This doesn’t give you much information without knowing the menu prices of these items, so here’s a breakdown of these costs and a percentage return on the spend required to earn the points:
- Breadsticks cost $5.99, giving you an 18.4% return on the $32.50 spend required to earn 75 points.
- A medium, two-topping pizza at regular menu price is $13.99, giving you an 18.65% return on the $75 required to earn 150 points.
- A medium ANY pizza (which means any toppings, recipe and choice of pan, hand-tossed or thin & crispy crust) is $10.99 at my local store, giving you a 10.9% return on the $100 in spend required to earn the 200 points
- A large ANY pizza is also only $10.99 at my local store giving you an 8.8% return on the $125 spend required to earn the 250 points
On the surface, the medium, two-topping pizza may appear to offer the best return, but like Domino’s, you can often get this pizza for much less using a carry-out coupon or other meal deal. In addition, the Hut Rewards program offers some solid specials, including Gameday offers during football season, promotional point offers and a birthday reward — free breadsticks last year.
Stack Your Savings
On top of the loyalty programs offered for each chain, you should use a variety of methods to increase your return on your pizza savings. Here are a few of my favorite:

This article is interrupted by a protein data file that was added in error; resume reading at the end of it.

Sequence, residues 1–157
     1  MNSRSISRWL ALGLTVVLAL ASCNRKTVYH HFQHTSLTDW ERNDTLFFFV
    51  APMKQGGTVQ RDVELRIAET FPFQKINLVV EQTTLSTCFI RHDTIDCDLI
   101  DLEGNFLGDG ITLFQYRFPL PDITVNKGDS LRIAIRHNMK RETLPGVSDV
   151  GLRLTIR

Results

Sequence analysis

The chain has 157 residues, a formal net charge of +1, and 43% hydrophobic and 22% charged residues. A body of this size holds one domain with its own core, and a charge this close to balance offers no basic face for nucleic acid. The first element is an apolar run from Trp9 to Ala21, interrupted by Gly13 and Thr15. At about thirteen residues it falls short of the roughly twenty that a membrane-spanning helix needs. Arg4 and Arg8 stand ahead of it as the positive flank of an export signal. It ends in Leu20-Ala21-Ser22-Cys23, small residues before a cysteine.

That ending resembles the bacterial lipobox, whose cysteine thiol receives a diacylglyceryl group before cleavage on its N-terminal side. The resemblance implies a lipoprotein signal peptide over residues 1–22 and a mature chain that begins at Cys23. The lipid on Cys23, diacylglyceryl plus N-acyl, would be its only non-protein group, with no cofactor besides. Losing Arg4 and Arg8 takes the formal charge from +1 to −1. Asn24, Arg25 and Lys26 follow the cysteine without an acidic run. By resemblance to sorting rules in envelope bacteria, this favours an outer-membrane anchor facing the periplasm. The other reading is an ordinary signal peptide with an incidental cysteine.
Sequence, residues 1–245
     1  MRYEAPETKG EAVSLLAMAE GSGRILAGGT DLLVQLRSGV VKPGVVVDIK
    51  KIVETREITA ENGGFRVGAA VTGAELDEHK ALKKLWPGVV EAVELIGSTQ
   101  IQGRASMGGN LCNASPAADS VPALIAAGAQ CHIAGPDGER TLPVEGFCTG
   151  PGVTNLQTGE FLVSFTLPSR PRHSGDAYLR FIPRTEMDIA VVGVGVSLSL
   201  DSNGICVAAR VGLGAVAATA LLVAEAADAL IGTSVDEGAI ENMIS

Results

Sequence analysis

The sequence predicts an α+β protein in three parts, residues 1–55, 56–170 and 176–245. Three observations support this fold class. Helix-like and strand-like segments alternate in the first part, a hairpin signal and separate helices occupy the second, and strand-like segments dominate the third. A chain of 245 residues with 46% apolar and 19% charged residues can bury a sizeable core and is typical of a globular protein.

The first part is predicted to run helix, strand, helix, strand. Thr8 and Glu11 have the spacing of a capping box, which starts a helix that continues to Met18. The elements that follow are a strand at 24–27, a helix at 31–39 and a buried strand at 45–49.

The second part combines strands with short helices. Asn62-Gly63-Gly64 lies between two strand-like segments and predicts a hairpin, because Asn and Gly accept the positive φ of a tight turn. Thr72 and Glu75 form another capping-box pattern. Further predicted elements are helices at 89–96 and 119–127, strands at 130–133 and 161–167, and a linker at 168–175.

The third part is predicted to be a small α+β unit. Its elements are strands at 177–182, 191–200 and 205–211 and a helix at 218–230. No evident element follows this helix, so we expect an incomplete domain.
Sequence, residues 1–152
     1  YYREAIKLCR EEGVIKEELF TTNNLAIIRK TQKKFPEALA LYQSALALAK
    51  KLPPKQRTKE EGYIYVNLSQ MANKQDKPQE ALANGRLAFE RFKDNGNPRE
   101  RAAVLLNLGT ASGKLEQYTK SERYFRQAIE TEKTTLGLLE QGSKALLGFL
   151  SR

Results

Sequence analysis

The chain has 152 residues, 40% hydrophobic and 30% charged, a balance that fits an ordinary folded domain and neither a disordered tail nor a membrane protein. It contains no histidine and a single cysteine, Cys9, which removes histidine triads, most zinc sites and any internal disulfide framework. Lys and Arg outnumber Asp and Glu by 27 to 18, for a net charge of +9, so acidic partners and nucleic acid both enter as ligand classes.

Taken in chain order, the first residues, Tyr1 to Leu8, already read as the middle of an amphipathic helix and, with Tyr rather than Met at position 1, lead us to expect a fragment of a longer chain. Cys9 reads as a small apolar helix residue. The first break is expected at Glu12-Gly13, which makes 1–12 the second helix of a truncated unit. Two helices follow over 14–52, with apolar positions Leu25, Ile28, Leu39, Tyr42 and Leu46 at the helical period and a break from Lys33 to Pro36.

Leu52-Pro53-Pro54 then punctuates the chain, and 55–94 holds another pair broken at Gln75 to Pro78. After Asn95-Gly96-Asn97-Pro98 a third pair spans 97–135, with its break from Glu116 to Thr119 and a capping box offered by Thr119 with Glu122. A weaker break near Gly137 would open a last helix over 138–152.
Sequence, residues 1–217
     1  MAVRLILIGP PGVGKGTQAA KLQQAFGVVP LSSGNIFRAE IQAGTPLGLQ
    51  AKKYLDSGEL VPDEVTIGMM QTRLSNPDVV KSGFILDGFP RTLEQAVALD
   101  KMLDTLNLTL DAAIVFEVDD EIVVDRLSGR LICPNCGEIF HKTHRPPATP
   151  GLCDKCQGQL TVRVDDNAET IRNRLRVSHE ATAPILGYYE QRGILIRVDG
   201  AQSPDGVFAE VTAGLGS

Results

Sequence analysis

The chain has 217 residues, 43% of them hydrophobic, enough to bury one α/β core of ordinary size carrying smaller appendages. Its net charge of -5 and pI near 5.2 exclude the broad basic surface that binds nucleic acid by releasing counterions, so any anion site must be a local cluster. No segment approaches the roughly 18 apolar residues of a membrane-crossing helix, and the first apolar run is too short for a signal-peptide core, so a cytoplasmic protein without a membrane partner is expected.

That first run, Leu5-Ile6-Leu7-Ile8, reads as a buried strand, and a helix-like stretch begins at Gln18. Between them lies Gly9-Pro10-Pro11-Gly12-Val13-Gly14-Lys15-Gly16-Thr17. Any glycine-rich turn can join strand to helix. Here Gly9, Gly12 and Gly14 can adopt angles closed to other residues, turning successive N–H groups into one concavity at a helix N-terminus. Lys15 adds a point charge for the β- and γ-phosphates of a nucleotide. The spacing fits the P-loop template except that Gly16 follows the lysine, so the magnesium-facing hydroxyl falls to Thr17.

- Pay with discounted gift cards. You can easily acquire these from sites like Raise.com and CardCash. Discounts of up to 9.47% are available for Domino’s gift cards.
- Go through an online shopping portal to buy the discounted gift cards. For example, at the time of writing, Mr. Rebates is offering 4% cash back on Raise.com purchases.
- Use the right rewards credit card to earn cash back or bonus points & miles on your dining purchase — like the American Express® Gold Card (4x points at restaurants, an additional 8% return) or the Chase Sapphire Reserve (3x points at restaurants, an additional 6% return).
- Use Amex Offers and Chase Offers to earn additional points or statement credits on your pizza purchases. I currently have an offer for two additional points per dollar spent at Pizza Hut on my Amex Gold card, increasing the total earning rate to 6 points per dollar (12% return).
The Supreme Pizza Loyalty Program Winner
With it’s straightforward, revenue-based program, Papa John’s Papa Rewards effectively gives you 13.3% cash back towards free menu items, no matter what you buy, how much you spend or how you redeem your points. It’s simple and doesn’t require any comparisons between the rewards you’ve earned and the redemption option you’re considering. On the other hand, Domino’s doesn’t tie its rewards directly to spending, and both it and Pizza Hut typically offer reward menu items at deeply-discounted prices. As a result, they just can’t compete with the consistent return from Papa Rewards.
At the end of the day, many readers will use pizza preference — not the loyalty program — as the primary factor in selecting a chain. Others may prefer a more local pizzeria than a mass-market option like the three above. That being said, if you’re open to any of them and want a simple way to make the most of your purchases, then Papa John’s — which does deliver an enjoyable pizza — should be your go-to chain for maximum loyalty return.
Regardless of which one earns your business, don’t forget the above stacking techniques to save even more when you embark upon your next pizza night.
Featured photo by Image Source / Getty Images.
Welcome to The Points Guy!